Queen Cleopatra V. Most likely, she was the mother of ‘our’ Cleopatra. But it is not absolutely certain. 1st century BC bust. Saint-Raymond Museum, France. (Photo: Musée Saint-Raymond/CCBYSA4.0)

Now, this is a big unknown since it represents 50% of Cleopatra’s ethnic makeup.

There are no records of who was Cleopatra’s mother.

King Ptolemy Auletes married, of course, his sister. Her name was Cleopatra V Tryphaena.

And the king had several children. But soon after the birth of his daughter Cleopatra VII -our Cleopatra-, Trypahena almost completely disappears from the official documents.

Some think she died during childbirth or soon after Cleopatra’s birth.

But there are two historical mentions of Tryphaena later on. One, 11 years later, in a dedication on a temple. And a few years later, there was a Tryphaena that ruled Egypt briefly with Cleopatra’s sister.

So other scholars believe Auletes and his wife had a falling out soon after Cleopatra’s birth. And that he exiled Tryphaena. That would explain her disappearance from the documents. It would also explain why she is not mentioned as the mother of Cleopatra, and why there is so little information about her in general.

So if that is what happened, it is not surprising that everything related to Auletes’ wife is missing. He would have erased her from the records.

The problem is that it leaves a blank when it comes to the famous Cleopatra VII. Are there no records of who was her mother because she was the daughter of a concubine? Or was she the queen’s daughter, and the association was erased?

One ancient Greek author, Strabo, mentions Auletes’ five children. He says that his eldest daughter Berenice, who was legitimate, became queen.


Is Strabo saying that Auletes’ other children, including Cleopatra, were illegitimate? Or is he just pointing out that Queen Berenice was legitimate, unlike her illegitimate father? (Spell it out, Strabo!)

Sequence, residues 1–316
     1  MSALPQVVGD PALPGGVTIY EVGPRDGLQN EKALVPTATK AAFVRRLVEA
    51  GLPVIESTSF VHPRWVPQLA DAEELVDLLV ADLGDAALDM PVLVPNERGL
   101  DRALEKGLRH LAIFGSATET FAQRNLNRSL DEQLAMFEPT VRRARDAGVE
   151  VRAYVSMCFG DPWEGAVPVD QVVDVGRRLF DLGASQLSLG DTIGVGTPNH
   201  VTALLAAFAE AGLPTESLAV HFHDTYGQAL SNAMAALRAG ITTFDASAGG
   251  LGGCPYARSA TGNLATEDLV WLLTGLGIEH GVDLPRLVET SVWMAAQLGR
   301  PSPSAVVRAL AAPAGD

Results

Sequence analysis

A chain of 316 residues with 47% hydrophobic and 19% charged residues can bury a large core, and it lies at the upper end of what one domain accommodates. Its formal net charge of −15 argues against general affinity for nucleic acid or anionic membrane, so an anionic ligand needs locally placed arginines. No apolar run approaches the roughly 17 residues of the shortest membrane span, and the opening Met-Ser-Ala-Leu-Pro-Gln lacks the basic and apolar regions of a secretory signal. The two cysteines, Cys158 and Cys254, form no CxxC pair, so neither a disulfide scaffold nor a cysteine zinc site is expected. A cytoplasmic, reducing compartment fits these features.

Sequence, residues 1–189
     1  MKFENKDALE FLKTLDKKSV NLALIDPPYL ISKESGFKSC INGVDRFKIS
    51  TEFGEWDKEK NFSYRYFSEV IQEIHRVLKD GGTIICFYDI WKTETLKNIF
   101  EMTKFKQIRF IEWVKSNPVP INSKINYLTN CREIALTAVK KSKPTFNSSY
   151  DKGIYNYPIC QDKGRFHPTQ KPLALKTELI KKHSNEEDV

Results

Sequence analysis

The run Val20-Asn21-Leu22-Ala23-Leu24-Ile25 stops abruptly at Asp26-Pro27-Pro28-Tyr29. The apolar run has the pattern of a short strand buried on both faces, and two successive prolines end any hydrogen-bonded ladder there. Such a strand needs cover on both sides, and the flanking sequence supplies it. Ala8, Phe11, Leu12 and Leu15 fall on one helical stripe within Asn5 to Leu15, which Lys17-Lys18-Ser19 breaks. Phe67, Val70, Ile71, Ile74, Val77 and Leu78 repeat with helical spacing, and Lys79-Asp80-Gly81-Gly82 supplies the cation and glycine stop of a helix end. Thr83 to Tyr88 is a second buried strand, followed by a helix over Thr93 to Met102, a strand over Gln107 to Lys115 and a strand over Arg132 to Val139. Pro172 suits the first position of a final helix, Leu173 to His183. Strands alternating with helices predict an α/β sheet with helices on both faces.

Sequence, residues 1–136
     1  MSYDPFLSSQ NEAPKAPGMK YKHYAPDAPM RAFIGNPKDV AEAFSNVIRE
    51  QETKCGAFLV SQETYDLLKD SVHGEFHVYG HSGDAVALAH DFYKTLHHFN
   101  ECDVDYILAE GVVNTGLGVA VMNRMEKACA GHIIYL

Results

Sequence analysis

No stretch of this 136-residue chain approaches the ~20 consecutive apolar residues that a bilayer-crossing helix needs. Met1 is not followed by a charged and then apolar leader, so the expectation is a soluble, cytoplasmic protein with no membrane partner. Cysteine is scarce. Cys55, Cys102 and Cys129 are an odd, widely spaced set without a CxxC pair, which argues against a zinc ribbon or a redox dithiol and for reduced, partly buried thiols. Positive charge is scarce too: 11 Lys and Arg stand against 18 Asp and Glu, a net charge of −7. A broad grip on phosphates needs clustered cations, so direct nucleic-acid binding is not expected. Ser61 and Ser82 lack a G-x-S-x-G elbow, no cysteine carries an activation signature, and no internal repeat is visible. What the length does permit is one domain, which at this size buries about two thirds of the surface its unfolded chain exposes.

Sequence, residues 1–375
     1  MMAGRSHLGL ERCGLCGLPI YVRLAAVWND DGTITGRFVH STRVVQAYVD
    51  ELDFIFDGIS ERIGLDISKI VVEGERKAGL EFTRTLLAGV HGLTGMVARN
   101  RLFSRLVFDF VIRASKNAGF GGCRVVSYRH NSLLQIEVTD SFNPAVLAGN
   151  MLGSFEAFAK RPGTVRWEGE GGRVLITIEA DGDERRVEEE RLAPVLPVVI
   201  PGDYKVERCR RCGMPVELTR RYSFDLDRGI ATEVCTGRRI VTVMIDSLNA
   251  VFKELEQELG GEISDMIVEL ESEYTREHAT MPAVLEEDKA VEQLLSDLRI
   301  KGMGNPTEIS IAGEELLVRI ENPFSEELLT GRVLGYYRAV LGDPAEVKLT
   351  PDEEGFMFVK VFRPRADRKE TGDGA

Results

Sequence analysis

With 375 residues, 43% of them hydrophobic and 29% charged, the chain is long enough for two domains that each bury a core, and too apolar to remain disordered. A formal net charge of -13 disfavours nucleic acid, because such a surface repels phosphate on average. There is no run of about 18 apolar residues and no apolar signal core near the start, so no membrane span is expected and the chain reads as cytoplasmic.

No Roman author, of the many that wrote about Cleopatra, mentions that she was illegitimate. This might be telling since the Romans ended up being quite entangled with Cleopatra, and most of them did not like her one bit. After all, if it had been up to the queen, Rome would have been a province of Egypt.

And let’s remember Romans had no problem calling someone a bastard to their face, as they did with Cleopatra’s father.

Yet, not even Cicero calls her a bastard. The famous orator liked calling people names and pointing out their flaws. And he disliked the queen, whom he had met. He does write about her disparagingly, but does not mention she is illegitimate.

Most surprisingly, not even Octavian does.

Octavian was Cleopatra’s archenemy. He had mounted a full-fledged PR campaign in Rome against the queen and her Roman husband, Mark Antony.

Octavian used every possible charge against them -real, exaggerated, or imaginary. And yet, he does not call Cleopatra illegitimate once.

In Auletes’ case, most scholars believe he was the son of a concubine. In Cleopatra’s case, most scholars suspect she was the daughter of Tryphaena, the queen.

If Tryphaena was Cleopatra’s mother, she would have passed to her daughter more Macedonian and Persian genes.

Summary: Cleopatra’s ethnic makeup

Cleopatra imagined by six European painters.

So only 25% of Cleopatra’s ethnic makeup is absolutely certain: through her grandfather, Cleopatra was 25% European and Middle Eastern.

The other 75% is inconclusive. It could have been European, Middle Eastern, North African, sub-Saharan African, or a mix of two or more of those.

To simplify: Cleopatra could have been 100% Caucasian, or she could have been mixed (Caucasian+African).

If the archaeologists make a breakthrough, and that 75% is solved, we’ll let you know.